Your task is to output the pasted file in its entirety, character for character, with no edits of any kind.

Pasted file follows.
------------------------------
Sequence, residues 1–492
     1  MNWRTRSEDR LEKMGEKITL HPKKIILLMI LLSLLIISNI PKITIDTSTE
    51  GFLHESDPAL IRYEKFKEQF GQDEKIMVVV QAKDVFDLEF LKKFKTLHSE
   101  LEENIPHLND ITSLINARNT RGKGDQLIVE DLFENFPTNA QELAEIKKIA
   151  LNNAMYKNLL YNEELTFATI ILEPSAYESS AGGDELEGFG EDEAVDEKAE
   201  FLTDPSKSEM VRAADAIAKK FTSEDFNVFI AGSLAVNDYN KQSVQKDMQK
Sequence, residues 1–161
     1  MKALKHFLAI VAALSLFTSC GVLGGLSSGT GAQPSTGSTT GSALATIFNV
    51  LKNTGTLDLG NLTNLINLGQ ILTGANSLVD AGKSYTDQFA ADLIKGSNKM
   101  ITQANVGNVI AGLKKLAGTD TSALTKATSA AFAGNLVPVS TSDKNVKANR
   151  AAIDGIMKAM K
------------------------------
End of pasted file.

Sequence, residues 1–492
     1  MNWRTRSEDR LEKMGEKITL HPKKIILLMI LLSLLIISNI PKITIDTSTE
    51  GFLHESDPAL IRYEKFKEQF GQDEKIMVVV QAKDVFDLEF LKKFKTLHSE
   101  LEENIPHLND ITSLINARNT RGKGDQLIVE DLFENFPTNA QELAEIKKIA
   151  LNNAMYKNLL YNEELTFATI ILEPSAYESS AGGDELEGFG EDEAVDEKAE
   201  FLTDPSKSEM VRAADAIAKK FTSEDFNVFI AGSLAVNDYN KQSVQKDMQK
Sequence, residues 1–161
     1  MKALKHFLAI VAALSLFTSC GVLGGLSSGT GAQPSTGSTT GSALATIFNV
    51  LKNTGTLDLG NLTNLINLGQ ILTGANSLVD AGKSYTDQFA ADLIKGSNKM
   101  ITQANVGNVI AGLKKLAGTD TSALTKATSA AFAGNLVPVS TSDKNVKANR
   151  AAIDGIMKAM K